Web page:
That’s what makes things like tonight’s Ciarran incident all the more shocking – or at least left field – because these are not emotions that are typically permitted in the bubble. The bubble is structured to do one thing: cause these contestants to fall in love with Angie (sometimes with horrifying results, as we can see from Jamie and his brethren from previous years). All other emotions are ancillary to this romantic drive – while the contestants might make friends, say, it’s understood that that is to be subordinate to the relationship with the Bach (although this doesn’t seem to always play out this way in real life, where contestants make lifelong friendships). The ever-mentioned ‘drama’ usually results from conflict that arises because of this singular narrative and emotional imperative. Jamie again is a perfect example: he’s furious that the bros have said bad shit about him to Angie, and so he seeks to find ways to destroy them.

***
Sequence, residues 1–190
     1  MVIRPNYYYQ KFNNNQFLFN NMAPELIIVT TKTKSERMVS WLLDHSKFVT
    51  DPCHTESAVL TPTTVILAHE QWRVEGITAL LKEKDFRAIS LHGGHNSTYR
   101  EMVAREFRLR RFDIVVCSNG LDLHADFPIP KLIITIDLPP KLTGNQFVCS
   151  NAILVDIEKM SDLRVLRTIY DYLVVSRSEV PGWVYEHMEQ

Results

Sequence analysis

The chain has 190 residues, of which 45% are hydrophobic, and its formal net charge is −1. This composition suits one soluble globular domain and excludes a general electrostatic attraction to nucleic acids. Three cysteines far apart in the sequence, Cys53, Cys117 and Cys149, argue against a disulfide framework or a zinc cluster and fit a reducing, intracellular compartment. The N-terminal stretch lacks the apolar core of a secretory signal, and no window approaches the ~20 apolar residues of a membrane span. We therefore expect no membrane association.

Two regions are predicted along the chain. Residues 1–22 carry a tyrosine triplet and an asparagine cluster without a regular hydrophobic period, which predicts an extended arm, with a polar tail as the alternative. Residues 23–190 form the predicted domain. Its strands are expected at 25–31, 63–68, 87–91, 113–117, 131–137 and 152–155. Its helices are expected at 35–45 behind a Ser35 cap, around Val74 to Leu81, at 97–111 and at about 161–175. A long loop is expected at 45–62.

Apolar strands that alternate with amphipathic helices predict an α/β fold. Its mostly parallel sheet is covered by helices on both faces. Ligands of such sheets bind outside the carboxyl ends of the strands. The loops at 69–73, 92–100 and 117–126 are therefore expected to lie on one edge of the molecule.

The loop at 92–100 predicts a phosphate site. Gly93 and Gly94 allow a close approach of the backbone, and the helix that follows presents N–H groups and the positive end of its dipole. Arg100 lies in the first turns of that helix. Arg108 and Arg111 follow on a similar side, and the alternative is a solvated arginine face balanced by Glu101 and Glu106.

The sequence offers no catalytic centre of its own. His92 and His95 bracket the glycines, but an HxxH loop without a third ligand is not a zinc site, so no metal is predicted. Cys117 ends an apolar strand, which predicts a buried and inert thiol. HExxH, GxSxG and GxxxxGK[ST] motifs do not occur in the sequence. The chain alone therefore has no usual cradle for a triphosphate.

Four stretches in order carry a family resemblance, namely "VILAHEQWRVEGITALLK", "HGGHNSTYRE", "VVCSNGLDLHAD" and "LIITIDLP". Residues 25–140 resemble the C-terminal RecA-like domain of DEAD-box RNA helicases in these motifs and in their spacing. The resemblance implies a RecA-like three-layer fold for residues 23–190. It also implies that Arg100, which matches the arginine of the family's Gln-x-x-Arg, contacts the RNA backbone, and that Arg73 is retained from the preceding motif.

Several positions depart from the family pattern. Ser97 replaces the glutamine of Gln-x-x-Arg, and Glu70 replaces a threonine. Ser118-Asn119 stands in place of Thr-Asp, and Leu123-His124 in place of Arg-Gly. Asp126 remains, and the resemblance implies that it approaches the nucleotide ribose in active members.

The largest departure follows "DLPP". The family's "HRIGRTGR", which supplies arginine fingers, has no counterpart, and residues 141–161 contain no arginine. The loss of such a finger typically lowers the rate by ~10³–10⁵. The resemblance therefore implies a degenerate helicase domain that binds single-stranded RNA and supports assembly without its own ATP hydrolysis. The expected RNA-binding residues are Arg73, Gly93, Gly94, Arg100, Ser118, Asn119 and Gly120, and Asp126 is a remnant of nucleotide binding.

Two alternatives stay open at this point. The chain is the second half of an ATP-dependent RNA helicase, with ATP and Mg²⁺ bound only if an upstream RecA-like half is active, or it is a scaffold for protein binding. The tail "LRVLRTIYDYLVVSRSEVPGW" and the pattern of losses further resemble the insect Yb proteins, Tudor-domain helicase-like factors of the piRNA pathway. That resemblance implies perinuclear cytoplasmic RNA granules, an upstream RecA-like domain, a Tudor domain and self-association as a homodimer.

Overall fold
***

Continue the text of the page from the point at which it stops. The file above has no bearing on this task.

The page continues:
Ciarran’s emotions tonight, though, are not bubble emotions. They come from a different source: from reality, from outside the bubble. And what they do is reveal both the fragility of the bubble and the force of its emotional imperative.
On the former: the strength of Ciarran’s emotions, coming from that reality outside the bubble, reveal to us how tenuous and artificial this environment is. It also endows him with layers and complexity that we often don’t get to see in other contestants, because we see him react to a situation that has little to do with Angie. Often we’re told information about contestants and their pasts and their lives outside the bubble: with Ciarran tonight, we’re shown it. We get a rare glimpse into reality while still being inside the bubble, because these reality-generated feels burst it, if only for a second.
On the latter: tonight’s Ciarran incident shows us that the emotions generated inside the bubble are not false. They may be circumstantial, and they may pale beside the reality-generated emotions, and – who knows? maybe they fade quickly once you leave the bubble – but they’re real emotions. They’re genuine feelings.